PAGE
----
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“Life is Beautiful,” Interview with Cuban Pianist Marcos Madrigal

Marcos-Madrigal
Marcos Madrigal, Cuban classical pianist. Photo: Flavio Ianniello & Riccardo Musacchio

The last time I talked to Marcos Madrigal, Cuban classical pianist, and Director of the Habana Clásica Festival, he was on a train to Lugano, “città del mio cuore” (city of my heart) to make a new recording of Ildebrando Pizzetti’s works for voice and piano.

Born in Havana and studying piano from the age of three, he graduated in 2007 from the University of Arts of Cuba (ISA). Marcos Madrigal received further education in Switzerland at the Conservatory of Southern Switzerland in Lugano, and the International Piano Academy Lake Como, where he studied with Dimitri Bashkirov, Malcolm Bilson, John Perry, Andreas Staier, and Fou Ts’ong. The American classical pianist, William Grant Naboré, mentored Madrigal while he was studying in Switzerland. 

Approximately 18 to 20 years ago, he moved to Rome, a world-class center for art, architecture, culture, and music.

Throughout his career, he has performed at some of the greatest concert halls in the world. This year, he has performed and/or recorded in Paris, Spain, Italy, and Bogota. He is also the recipient of many international awards of the classical music world from Spain, Rome, Cuba, Costa Rica, and Panama.

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Madrigal is at the height of his career, another stellar example of a Cuban contribution to the international world of music and culture.

T.K. Hernández: Good morning, Marcos. Thank you for the chance to speak with you. I am honored. I want to ask you one quick question to begin. In three words or less, describe your life as it is now. 

Marcos

I will try to do my best, but I don’t know if I can say all I want with my English. The first word is contemplation. Maybe because I feel like I’m living this year in the third person because I’m becoming older. And then it’s very interesting because all my artistic process now, it is like in a distance. I would say this new chapter of my life is very interesting and beautiful. Maybe it’s something very important now for me in my artistic process. Then after a while, I feel I have not enough time to do all I need to do and all I want to realize. I’m happy because, in a way, it’s like the union of everything. I’m so happy because a lot of the things that I dreamed have become true, and the happiness that surrounds me. This type of happiness is like seeing what is going on around the artistic process, the projects, and my life.
 
So, life is beautiful. 

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Marcos: 

Yes, very.
 
When I asked you that question. I thought you would say life is beautiful. Because what I see as an outsider of your life, you live a very beautiful life.
 
Marcos: 

Yes, I feel very lucky not only with my career, the things that I’m realizing, but I also found a lot of beautiful people on my path. That is very important because I always live far from my city, my place, my family. At the same time, I always feel a lot of affection. It’s very interesting and good, people who feel, in a way, my emotional life. I think this is the main reason I feel these things at this moment.
 
I cannot say what I want because normally when I speak Italian or Spanish, I always like a very deep conversation. I don’t have the vocabulary to say what I’m thinking in English, but I think you can feel what it is. 

Your home is permanently in Rome now?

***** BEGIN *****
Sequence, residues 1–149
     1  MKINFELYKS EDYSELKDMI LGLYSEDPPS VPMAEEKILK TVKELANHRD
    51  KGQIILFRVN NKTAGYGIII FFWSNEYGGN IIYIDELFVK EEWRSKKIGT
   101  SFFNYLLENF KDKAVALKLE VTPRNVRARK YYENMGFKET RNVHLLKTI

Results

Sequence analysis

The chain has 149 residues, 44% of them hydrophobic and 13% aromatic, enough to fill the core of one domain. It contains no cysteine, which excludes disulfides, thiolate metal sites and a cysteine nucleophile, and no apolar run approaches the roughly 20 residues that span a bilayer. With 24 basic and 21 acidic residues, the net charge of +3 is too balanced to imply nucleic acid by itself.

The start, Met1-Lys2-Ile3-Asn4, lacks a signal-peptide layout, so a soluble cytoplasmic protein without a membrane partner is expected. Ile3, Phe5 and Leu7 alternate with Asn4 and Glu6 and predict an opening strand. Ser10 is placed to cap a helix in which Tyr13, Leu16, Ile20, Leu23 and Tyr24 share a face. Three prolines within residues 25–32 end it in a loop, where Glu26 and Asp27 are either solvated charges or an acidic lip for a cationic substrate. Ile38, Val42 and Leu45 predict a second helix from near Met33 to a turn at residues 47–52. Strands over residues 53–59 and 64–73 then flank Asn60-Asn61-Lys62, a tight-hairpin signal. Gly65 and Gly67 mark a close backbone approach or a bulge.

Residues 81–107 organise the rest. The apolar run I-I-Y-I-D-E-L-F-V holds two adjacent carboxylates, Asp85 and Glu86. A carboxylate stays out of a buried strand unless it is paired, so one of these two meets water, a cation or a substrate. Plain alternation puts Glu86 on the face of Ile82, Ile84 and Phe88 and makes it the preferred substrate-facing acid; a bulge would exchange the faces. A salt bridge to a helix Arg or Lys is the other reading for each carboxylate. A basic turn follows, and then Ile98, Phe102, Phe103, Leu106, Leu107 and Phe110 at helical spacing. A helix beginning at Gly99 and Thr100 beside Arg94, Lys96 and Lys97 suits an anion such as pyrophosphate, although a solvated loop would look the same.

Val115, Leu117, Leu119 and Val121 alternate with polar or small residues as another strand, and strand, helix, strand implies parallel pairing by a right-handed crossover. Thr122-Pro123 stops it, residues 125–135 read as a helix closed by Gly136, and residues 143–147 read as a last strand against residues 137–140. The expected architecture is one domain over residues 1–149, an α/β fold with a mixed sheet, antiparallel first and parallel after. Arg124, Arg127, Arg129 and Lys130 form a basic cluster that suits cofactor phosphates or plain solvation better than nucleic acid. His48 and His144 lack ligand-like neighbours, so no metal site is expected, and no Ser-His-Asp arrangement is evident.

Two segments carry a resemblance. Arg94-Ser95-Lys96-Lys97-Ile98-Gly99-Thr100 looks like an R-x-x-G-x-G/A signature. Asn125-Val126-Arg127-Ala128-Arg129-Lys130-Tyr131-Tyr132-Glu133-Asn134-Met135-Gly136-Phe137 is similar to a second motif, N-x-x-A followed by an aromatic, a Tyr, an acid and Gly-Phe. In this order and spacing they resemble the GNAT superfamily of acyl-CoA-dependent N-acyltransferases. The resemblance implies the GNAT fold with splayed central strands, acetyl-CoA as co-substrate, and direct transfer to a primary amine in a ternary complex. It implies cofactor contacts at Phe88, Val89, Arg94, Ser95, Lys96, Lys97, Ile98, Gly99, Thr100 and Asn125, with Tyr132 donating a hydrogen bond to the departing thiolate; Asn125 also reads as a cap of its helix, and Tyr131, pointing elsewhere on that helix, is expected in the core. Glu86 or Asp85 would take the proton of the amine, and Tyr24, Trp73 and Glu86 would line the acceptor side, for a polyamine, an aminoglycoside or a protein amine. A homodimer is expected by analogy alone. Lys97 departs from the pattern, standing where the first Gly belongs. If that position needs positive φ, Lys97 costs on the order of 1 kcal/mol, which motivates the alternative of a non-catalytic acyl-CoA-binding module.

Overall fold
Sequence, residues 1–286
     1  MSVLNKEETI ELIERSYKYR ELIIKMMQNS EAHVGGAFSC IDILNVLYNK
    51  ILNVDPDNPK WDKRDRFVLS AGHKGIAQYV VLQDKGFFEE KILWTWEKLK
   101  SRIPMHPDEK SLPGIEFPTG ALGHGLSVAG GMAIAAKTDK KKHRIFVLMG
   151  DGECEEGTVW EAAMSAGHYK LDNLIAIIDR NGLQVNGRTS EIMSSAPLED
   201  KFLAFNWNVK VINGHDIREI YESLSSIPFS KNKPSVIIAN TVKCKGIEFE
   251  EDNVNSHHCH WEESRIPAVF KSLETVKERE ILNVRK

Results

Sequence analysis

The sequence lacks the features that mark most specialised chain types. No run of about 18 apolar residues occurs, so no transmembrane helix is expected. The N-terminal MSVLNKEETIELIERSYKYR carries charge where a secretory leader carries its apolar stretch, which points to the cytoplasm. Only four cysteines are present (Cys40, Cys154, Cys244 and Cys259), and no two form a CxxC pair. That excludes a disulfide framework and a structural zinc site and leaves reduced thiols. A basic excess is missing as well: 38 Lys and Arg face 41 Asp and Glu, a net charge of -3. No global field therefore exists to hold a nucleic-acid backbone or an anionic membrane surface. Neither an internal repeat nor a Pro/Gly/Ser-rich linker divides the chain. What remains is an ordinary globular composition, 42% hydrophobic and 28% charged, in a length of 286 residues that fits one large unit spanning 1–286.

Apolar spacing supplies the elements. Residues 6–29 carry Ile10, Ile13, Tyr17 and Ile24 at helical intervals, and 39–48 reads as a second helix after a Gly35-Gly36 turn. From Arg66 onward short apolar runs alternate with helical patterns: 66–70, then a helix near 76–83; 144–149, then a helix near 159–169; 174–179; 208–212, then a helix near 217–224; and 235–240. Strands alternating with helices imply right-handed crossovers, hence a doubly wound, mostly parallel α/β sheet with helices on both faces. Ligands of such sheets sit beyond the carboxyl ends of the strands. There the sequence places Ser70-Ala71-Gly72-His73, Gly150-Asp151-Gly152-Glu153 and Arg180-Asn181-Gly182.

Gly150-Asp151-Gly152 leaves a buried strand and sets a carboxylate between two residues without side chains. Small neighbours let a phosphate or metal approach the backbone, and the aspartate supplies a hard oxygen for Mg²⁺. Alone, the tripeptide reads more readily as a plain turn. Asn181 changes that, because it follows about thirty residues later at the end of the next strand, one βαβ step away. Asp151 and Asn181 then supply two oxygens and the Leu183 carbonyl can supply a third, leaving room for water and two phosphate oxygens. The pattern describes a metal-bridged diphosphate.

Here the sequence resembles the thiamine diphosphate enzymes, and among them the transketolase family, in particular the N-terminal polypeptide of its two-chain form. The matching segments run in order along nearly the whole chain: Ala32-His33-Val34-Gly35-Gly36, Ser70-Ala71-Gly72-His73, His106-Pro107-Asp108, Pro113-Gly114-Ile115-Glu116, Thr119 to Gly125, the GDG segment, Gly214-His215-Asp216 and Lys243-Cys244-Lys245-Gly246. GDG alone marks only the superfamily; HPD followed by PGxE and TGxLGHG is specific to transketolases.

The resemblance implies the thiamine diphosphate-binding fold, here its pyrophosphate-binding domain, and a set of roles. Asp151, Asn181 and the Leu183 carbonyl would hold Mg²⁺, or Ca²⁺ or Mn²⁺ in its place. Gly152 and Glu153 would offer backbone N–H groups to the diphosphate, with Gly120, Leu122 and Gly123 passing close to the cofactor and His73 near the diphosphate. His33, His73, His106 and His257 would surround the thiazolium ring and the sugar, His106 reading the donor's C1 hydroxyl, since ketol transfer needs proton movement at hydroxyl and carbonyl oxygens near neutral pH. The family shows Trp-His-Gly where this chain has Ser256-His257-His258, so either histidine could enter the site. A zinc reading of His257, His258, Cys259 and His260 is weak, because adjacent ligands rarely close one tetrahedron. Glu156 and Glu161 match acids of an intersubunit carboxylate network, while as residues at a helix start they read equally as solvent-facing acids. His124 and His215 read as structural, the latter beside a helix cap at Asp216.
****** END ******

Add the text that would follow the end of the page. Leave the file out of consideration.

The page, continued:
Marcos: 

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Yes. I live in an apartment within a park in Rome surrounded by very beautiful greenery. The Roman aqueducts are nearby.
 
Do you plan to return to Havana to live? 

Marcos

Yes, of course. I think at one point I will return to finish my life there, if it’s possible. But not now, because I’m in the middle of my career and a classical pianist needs to be in Europe in the middle of our careers. I go often to Havana about three or four times a year. I have a lot of projects there. It is still home. When I’m not there, my base is in Rome. 

How long have you been living in Rome? 

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Marcos: 

Maybe 18, 20 years.
 
That’s lovely that you have the option to be in Havana and also Europe. Let’s discuss your new release which came out on June 25 on the French label, Artalinna? What inspired you to record Prokofiev, Vol. 1: Visions fugitives, Piano Sonatas Nos. 5 and 7?
 
Marcos: 

Prokofiev and the Russian repertoire were always present in my life. When I was studying, I always played a lot of Prokofiev. He’s one of the top, top composers. It was a very nice surprise when Artalinna, the French label from Paris, proposed to do the first Prokofiev album. Because I’m Cuban and a classical pianist, a lot of Russian pianists of my generation are very good. It was a beautiful surprise that they chose me to do this project.

The most beautiful thing was when we finished the project some months ago, they were in love with the result. They then proposed to me to do a huge release of Prokofiev. For this reason, this album comes out as Prokofiev Vol. One. It will be the first album. The idea is to make a series of Prokofiev, maybe 10 or 15 years, to record all the piano music of Prokofiev. It is great because it’s like a dream that one of the top European companies believes in you and trusts you for a project like this. For classical pianists, it is huge. Prokofiev is one of our gods in classical music. I always dreamed to do this. Now I have this beautiful project and am trying to prepare all the Prokofiev music. They have the same vision as I of this music.

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You’ve been very busy this year traveling frequently. Would you share some highlights of your performances this year?

Marcos: 

Yes, at the beginning of the year, I was still locked down here in my house because of the coronavirus. Everything started slowly. I was very lucky because I was one of the few pianists who was touring again and playing with orchestras. I performed in Denmark. I played in the north of Spain. I was in Bogota for several concerts. When I came back to Italy, I played here. Now I am in Rome. I will work here this week here. I hope everything can continue in this way because now the situation here looks better, but we really don’t know how long we will remain like this. Finally, there is light at the end of the tunnel.

You worked recently worked with another Cuban virtuoso composer, Yalil Guerra. Can you tell us about that experience?

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Marcos: 

Yes, that was great. It’s something that I wanted to realize some years ago. But I was always very busy playing and touring. It was impossible to stop and be part of it. Music needs sometimes a lot of energy. I said, OK, this is the moment I was ready because we can put it all together at the beginning. I will be in Los Angeles. Then I found an amazing team here in Rome, and we worked half here and half in L.A. It was very interesting because I worked with him every night.